Winslow Homer Gulf Stream Essay Research Paper

Winslow Homer, Gulf Stream Essay, Research Paper During the late nineteenth century, many great American artist were becoming recognized world wide for their abilities. Winslow Homer was among these great artist, and is in most cases is considered the greatest American artist of his time. His life was basically devoted to the creation of art, and over time his abilities won him worldwide recognition and fame.

Winslow Homer, Gulf Stream Essay, Research Paper

During the late nineteenth century, many great American artist were becoming recognized world wide for their abilities. Winslow Homer was among these great artist, and is in most cases is considered the greatest American artist of his time. His life was basically devoted to the creation of art, and over time his abilities won him worldwide recognition and fame. In retrospect, he is not only viewed as the greatest artist of his time, but is arguably the best American Painter ever.

Winslow Homer was born in Boston in 1836. He grew up in Cambridge, and at age 18, started working in a lithograph shop in Boston. This started his life as an artist, quitting his job at the lithograph shop at 21, and becoming a freelance illustrator. He was frequently published in Harper s Weekly throughout most of his life. When Homer was 23 he moved to New York, and acquired a studio. From this point, he started producing significant paintings, the first of which, Skating in Central Park , was displayed at the National Academy of Design in 1860, Homer was only 24. Four years later he was elected as an associate to the Academy.

While living in New York for nearly 23 years, he took many trips. He was able to spend a year in Paris when he was 30, learning the European styles, which would only further his greatness as an artist. Homer would also frequent the mountains in the summer, including the Adirondacks, and the White Mountains, as well as trips to Virginia, always looking for subject matter. Looking at his paintings from this time, he seemed never to be short of ideas for new paintings, creating several paintings a year.

From New York, Homer mover to Prout s Neck, where he would live the rest of his life. While living at Prout s Neck, Homer was able to create his greatest paintings, ever still improving on his style, and abilities. However, he still continued to travel quiet a bit, making several trips, wintering in the Bahamas, and Florida. During his first trip to the Caribbean in 1885, he was greatly inspired to produce painting of the power of nature, and the overwhelming power of the sea.

However, his greatest painting of the sea were not produced for many years after this initial trip. It was 5 to 10 years later when he started creating his series of seascapes. It actually took him 15 years to produce The Gulf Stream , his best known work, which he made the initial watercolor of on his first trip in 1885. This painting took him months to create, but was well worth the effort, winning him worldwide recognition, and many honors.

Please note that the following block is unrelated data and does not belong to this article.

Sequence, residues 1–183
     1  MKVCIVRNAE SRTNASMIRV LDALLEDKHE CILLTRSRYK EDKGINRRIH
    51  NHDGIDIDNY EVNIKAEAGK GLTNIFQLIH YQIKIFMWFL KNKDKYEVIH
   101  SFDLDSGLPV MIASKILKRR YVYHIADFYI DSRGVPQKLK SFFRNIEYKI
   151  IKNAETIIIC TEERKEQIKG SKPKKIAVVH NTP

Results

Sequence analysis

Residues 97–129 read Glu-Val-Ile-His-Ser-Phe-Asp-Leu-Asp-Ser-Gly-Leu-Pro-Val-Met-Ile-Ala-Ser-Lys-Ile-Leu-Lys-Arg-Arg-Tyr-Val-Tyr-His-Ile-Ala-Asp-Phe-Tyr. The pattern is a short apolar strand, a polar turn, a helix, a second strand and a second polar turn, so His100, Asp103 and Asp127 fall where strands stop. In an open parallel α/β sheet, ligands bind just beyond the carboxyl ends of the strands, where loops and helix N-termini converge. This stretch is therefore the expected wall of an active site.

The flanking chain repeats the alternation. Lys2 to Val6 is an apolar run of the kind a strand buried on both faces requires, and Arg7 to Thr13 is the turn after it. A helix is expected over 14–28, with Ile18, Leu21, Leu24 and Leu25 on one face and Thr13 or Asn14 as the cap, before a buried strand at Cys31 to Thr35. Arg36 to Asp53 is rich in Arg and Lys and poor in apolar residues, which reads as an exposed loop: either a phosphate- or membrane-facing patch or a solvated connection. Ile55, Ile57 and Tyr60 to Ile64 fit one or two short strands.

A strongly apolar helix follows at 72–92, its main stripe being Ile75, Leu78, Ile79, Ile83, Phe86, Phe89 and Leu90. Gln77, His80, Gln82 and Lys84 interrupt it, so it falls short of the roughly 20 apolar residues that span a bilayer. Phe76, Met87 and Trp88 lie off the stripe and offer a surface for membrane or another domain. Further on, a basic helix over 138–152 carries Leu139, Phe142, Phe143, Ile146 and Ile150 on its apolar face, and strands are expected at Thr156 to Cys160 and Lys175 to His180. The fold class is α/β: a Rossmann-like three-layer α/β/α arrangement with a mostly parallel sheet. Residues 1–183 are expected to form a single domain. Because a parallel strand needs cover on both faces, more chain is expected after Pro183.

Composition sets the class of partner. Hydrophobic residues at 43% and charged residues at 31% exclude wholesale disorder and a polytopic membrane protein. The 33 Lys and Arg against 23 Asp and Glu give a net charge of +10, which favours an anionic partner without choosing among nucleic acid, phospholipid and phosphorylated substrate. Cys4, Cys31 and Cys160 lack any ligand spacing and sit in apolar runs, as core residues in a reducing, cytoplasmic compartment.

The Gulf Stream is a painting of a single man on a boat, but what is exciting about the painting is the situation the man is in. The mast of his boat is broken, and surrounded by sharks, and to top it off, the sea is stormy, and there is an approaching waterspout. In the upper left corner, off in the distance, there is a ship sailing by. The painting is very dark, and very threatening to the viewer. It is very dramatic in its representation, and id viewed by many to be to terrifying to be considered great art.

To create a threatening atmosphere, Homer used a narrow palette of dark colors, with many grays, browns, dark blues, and black. While for the most part the colors are local, however, there are several sections of brownish-red in the water, which may represent something like blood. The darker sections of the water are around the sharks and the waterspout, which are the most threatening area. Other than that the water has some nice lighter blue representative of tropical waters. The only other light colors are that of the lines coming out of the belly of the boat. These lines are orange and green, which add a dash of color to an otherwise very dark scene. The dark colors accentuate the trouble areas in the painting, they are the darkest areas. The light of the whole painting comes from and overcast gray sky, which creates a dreary ambiance. There are hardly any shadows due to the lack of a light source creating an even more threatening ambiance.

The painting has so much action that it seems rather cluttered at first glance. The bottom half of the painting is crammed with action between the sharks and the boat. The upper half only contains a ship off in the distance that is barely seen and the waterspout in the opposite corner. However, the water is very light colored in some sections while dark in others, and this seems to make you look all around the painting. The water is also very choppy, containing big waves, which adds excitement to the painting. The diagonal position of the man points to the waterspout dragging your eye to it.